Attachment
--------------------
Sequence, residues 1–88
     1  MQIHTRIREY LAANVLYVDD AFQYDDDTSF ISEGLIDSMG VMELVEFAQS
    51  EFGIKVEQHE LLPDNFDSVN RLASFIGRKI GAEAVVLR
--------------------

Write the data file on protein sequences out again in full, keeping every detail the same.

Sequence, residues 1–88
     1  MQIHTRIREY LAANVLYVDD AFQYDDDTSF ISEGLIDSMG VMELVEFAQS
    51  EFGIKVEQHE LLPDNFDSVN RLASFIGRKI GAEAVVLR